State-sanctioned murder

Reports are coming in that a US drone strike in Yemen has killed Anwar al-Awlaki. If confirmed, this would mean that the US government has murdered a US citizen purely on the orders of president Obama. The media are relaying the anonymous and self-serving claims of the intelligence community that al-Awlaki was a top al Qaeda operative, ‘seemed’ to have instigated attacks against the US, and was ‘reported’ to have had links with terrorist groups, and similar allegations. But all skirt the issue of the legality of this act, let alone its morality.

When the dust settles, what we are left with is the stark fact that the US president ordered and carried out the murder of a US citizen without any due process of any kind. He had no trial, no formal charges were made against him, no efforts to extradite him back to the US, nothing. Obama decided that al-Awlaki must die and he was killed by Obama’s agents. It has all the hallmarks of kings in medieval times ordering the beheadings of their opponents or mob bosses ordering hits on their rivals.

Back in 2002, another US citizen Kamal Derwish was killed in an airstrike in Yemen but back then in the bad old George W. Bush days, the government felt obliged to say that his death was collateral damage and that they were unaware that he was in the car that was destroyed. But with our Nobel Peace Prize winning, constitutional scholar president, even such transparent excuses are not required because many of those who were on the alert for abuses by Bush now seem quite comfortable if the death sentence is signed by Obama. Even before this event, Jonathan Turley said that the Obama presidency may be the most disastrous in our history for civil liberties. One can only shudder at what further abuses are in store.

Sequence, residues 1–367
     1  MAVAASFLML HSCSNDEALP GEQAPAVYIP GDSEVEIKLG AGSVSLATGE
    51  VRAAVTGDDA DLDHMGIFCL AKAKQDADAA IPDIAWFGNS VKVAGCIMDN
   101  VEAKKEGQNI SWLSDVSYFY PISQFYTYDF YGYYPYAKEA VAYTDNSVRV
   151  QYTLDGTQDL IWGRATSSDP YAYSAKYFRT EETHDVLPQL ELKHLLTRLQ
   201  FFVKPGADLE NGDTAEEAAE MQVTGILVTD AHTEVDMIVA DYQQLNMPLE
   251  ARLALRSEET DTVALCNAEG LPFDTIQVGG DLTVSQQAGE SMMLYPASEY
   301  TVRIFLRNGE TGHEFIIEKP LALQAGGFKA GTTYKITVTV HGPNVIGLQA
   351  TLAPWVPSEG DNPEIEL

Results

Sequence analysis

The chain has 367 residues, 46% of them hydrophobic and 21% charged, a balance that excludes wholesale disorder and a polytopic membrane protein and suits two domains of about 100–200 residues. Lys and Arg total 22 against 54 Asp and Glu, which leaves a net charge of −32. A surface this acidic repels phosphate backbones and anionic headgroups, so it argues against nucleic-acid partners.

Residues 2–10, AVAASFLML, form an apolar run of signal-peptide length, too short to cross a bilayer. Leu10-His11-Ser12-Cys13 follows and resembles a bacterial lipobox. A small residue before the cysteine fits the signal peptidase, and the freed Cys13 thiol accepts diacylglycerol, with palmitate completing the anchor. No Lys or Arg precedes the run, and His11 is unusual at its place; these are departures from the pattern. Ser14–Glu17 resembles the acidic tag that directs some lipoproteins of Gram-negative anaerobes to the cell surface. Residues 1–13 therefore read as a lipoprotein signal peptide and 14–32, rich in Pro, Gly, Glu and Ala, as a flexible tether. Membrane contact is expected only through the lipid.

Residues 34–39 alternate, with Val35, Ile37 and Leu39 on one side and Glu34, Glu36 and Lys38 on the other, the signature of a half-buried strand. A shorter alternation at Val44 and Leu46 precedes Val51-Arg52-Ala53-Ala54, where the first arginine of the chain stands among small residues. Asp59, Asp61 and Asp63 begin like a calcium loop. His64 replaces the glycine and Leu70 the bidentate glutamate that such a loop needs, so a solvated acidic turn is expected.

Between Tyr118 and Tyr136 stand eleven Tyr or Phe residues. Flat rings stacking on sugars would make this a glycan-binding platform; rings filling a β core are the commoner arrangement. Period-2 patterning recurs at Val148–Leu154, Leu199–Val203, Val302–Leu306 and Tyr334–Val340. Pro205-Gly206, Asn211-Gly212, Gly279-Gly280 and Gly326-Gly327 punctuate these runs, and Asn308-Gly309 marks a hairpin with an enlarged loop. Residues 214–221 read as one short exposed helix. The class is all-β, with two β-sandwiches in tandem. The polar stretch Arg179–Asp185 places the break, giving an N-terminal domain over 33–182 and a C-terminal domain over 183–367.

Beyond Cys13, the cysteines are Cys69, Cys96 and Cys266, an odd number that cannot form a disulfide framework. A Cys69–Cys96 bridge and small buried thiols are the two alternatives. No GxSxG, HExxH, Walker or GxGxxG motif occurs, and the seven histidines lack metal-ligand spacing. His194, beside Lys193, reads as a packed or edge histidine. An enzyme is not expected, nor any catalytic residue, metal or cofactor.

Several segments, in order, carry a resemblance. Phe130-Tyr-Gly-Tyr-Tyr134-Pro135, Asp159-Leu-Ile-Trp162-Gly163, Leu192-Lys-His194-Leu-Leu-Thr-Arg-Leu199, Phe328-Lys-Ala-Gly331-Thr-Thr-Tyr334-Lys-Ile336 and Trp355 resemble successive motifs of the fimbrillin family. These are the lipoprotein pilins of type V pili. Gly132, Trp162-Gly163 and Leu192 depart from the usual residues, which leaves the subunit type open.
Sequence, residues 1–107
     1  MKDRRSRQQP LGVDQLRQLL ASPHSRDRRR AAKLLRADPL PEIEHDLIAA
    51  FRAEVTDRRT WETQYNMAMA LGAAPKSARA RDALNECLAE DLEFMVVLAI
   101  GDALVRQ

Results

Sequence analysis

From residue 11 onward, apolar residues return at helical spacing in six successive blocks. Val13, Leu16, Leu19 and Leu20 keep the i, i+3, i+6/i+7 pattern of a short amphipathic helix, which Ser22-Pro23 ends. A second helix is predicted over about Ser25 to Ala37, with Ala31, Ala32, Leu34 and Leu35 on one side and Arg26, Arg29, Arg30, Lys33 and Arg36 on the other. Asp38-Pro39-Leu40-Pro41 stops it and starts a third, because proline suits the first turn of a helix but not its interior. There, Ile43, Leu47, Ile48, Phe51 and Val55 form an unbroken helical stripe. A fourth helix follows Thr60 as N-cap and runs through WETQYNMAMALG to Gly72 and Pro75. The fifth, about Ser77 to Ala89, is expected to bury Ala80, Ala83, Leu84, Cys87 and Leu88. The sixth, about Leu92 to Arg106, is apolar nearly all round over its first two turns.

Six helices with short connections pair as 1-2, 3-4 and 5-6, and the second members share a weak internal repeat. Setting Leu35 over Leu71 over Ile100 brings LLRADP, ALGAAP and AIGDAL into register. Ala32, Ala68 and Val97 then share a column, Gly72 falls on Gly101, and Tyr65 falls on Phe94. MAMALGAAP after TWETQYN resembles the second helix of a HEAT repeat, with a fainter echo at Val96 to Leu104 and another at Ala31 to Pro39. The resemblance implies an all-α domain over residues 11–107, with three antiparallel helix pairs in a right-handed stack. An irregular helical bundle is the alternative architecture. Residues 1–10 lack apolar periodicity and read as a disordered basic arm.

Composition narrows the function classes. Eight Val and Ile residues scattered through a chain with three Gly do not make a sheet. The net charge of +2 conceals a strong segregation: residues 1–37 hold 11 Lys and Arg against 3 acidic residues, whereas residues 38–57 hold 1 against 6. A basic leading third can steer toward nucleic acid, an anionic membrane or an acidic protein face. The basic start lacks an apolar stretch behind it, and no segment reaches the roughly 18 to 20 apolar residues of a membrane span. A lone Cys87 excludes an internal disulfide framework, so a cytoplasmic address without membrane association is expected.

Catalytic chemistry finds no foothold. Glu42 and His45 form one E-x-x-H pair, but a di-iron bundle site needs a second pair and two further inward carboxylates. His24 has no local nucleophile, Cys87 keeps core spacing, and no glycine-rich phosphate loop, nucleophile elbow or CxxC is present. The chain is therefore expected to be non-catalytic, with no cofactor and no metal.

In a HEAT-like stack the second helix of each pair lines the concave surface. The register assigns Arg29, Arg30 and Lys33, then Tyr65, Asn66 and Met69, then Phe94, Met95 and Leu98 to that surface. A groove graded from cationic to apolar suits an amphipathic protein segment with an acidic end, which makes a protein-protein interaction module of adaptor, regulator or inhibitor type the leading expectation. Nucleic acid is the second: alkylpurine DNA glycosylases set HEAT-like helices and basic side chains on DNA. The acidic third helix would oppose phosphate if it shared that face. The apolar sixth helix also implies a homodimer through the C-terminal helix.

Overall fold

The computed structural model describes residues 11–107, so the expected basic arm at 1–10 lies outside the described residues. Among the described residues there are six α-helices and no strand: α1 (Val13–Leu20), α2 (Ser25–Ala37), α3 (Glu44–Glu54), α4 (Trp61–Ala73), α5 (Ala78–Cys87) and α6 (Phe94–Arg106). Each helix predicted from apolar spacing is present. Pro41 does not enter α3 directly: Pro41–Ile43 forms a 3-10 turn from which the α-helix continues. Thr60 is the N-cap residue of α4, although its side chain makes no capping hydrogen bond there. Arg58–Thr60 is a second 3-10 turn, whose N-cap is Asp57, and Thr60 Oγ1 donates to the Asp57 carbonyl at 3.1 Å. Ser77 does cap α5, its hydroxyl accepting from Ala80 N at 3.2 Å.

What I would like to know is in what way the killing of al-Awlaki differs from the heinous crime of ‘killing his own people’ which was laid at the feet of people like Saddam Hussein and Muammar Ghadafi and which formed the basis of war crimes accusations against those two people and war against the countries they led.

Glenn Greenwald has more.


  1. Steve LaBonne says

    The behavior of imperial powers only gets worse as their power begins to crumble. I fear we are nowhere near hitting bottom yet. May our descendents forgive us for what we are doing to our country’s good name.

  2. ollie says

    Question: if an American immigrated to Germany and joined the Waffen SS and then WWII broke out, would it be murder to kill this person in battle, or by a military strike?

    What is beyond doubt is that this person joined Al Qeada which has openly declared war against the United States a long time ago. That makes them combatants, no?

  3. Jared A says

    If the hypothetical American that emigrated to Germany was killed in battle it would not be considered murder, but if he was captured and then killed or killed not on a battlefield then it is definitely and legally murder.

  4. ollie says

    “killed not on a battlefield”

    This depends on what you mean by “battlefield”. If countries are at war, it is common for a military to launch a strike at enemy soldiers, where ever they are.

    My whole point is that I think people are being too simplistic; Al Qeada declared war on the U. S.; this really is not a criminal case, though it isn’t exactly a “state on state” case either.

  5. Eric says

    Ollie – Tim Mcveigh declared war on the U.S., too. Constitutional provisions apply even to people who try to destroy the country. Al Quaida isn’t a government; they have as much authority to declare war on the U.S. as the Walt Disney Corporation does. They are a criminal syndicate, albeit a powerful and well-armed one. And criminals, even the worst ones, have rights.